Last Thursday at about 1AM Eastern, the Daily Kos tech team announced a site update that fundamentally changed the way users interact with the site. Previously, information about whether you had loaded (and been able to read) a comment was stored on the server. That meant that, no matter what browser or computer you used, you would be guaranteed to have red [new] flags appear beside the comments you hadn't read. But now, after the update, this information is stored exclusively in your browser.
For people who only use one browser on one computer, this update is, at least in principle (though as some have noticed, not in practice) a transparent change. But for anyone who reads Daily Kos from more than one location (e.g., a computer at work, at home, in the kitchen, or on an iPhone), the change is dramatic, and for the worse.
We are assured that the change was made on an emergent basis, and "that we'll end up with something that will work for you and for us relatively soon, and something that is much better at guessing which are actually [new] at some time after that[,]" but it is obvious that the individuals who decided to make this change were insufficiently familiar with how essential the [new] feature was to those of us who make an effort to read and follow the discussion in the most active diaries on the site. And for us, every day that server side comments are unavailable is another day that Daily Kos remains fundamentally broken.
The tech team seems surprised that anyone thought the change really mattered. But it did. Substantially. Imagine, for example, if your webmail provider forgot which emails you had already read. People used to routinely put up with having to manage read vs. unread email manually. This was how the system worked with POP. Today, almost every email system of significance uses IMAP, ensuring, for example, that when you read your email at home or on the road, you can tell that you did so when you return to the office. This functionality may not have mattered when most of us could expect a handful of emails per day. But now several per hour--or more--are quite common. The analogy to Daily Kos is direct. As one commenter explained:
You can't use the DKE all day discussion threads without [server side [new]]. . . . In order to actually follow the discussions now, you have to decide which computer/phone you are going to use for that thread and only use that device. Otherwise, you have to re-read hundreds of comments trying to find new comments.Another noted:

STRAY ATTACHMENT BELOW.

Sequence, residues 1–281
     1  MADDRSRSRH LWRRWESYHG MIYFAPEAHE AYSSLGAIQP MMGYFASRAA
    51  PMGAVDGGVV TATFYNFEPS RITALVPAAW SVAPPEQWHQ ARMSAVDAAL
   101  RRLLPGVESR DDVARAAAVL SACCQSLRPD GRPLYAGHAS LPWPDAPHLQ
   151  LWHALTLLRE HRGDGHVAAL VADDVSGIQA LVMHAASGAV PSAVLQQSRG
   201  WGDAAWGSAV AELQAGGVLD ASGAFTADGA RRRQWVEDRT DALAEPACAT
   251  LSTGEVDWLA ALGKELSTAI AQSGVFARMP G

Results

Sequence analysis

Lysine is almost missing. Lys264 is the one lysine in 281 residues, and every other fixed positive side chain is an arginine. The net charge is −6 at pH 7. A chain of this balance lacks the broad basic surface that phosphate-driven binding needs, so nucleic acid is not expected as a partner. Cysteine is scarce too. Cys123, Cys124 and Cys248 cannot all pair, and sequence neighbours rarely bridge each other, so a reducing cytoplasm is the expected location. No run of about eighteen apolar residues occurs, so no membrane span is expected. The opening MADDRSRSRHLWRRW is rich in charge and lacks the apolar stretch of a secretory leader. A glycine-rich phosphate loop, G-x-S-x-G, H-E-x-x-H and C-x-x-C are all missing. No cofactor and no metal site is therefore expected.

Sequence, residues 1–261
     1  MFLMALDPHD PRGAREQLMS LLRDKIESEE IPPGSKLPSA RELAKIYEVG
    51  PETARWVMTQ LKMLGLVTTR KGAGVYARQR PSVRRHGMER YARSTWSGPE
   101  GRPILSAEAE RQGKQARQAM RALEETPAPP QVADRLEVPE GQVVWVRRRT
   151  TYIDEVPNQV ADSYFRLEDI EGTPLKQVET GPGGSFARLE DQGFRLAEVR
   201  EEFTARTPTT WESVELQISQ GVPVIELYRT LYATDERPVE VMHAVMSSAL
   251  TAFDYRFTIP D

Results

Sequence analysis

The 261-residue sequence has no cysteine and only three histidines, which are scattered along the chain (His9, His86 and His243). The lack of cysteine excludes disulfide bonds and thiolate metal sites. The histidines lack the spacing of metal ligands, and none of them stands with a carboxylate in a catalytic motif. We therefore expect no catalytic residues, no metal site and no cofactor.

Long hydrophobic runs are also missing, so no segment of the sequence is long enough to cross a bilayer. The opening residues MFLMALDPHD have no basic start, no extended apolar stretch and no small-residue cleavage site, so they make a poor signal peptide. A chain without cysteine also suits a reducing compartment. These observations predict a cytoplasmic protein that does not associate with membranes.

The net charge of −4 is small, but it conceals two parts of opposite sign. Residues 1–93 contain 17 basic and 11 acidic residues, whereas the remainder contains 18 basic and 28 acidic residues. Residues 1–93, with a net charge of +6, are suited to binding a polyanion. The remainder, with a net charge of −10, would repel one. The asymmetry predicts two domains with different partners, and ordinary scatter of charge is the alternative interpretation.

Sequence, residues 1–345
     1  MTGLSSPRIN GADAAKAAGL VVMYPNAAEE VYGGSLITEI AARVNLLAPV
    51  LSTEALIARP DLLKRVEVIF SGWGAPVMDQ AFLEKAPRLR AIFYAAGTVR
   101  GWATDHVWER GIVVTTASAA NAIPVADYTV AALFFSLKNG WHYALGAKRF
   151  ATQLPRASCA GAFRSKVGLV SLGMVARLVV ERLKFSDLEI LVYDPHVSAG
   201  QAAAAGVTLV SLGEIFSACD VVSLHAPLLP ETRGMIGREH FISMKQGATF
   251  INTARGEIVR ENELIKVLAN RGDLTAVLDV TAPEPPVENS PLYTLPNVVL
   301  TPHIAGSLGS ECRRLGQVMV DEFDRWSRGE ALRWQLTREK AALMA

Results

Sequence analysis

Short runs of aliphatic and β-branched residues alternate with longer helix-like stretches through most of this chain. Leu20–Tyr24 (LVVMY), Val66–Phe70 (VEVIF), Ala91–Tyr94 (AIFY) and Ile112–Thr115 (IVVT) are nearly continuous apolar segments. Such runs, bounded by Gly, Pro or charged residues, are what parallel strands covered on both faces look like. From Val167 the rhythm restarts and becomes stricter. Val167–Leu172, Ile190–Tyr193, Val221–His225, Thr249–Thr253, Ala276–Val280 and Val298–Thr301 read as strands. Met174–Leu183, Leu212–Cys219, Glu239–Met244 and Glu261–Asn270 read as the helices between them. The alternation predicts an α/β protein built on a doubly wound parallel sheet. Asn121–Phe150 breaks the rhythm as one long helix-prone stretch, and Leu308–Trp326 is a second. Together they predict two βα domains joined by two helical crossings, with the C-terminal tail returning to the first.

It's a huge change that is going to impact a lot of people and I am really frustrated that you launched it without any warning or discussion in the middle of the night.
When you go back to a thread you've already read much of, but now that record is erased, the inclination is to give up and disengage from the thread. It's way too tortuous to try to hunt and pick out new the comments you haven't seen.One captured the frustration that many of us feel:
I know that tech support does their best and I won't insult that, but this last system upgrade was NOT an upgrade. It's like going back to the dark ages.On top of all of this, if you regularly clear your cookies, use a privacy feature in your browser, or delete all of your private data every use, the change to [new] will impact you even if you only access Daily Kos from one computer.
My point in writing now is as follows: vague promises of future functionality that gets us back part of what we had before are not going to solve the community problem that was created with the update. I am calling for the tech team to level with us about the timeframe they have for redeploying server side [new] and, more fundamentally, to recognize just how important it was to so many of us. Even granting that the change was done quickly because of an emergency (the traffic spike from the debates), downplaying such a fundamental change in a middle of the night diary that few people would have read leads to an inevitable loss of confidence in the tech team: respect for the users, who are the key to this community and the success of the site, is absolutely fundamental. There needs to be a better recognition of what features matter and why.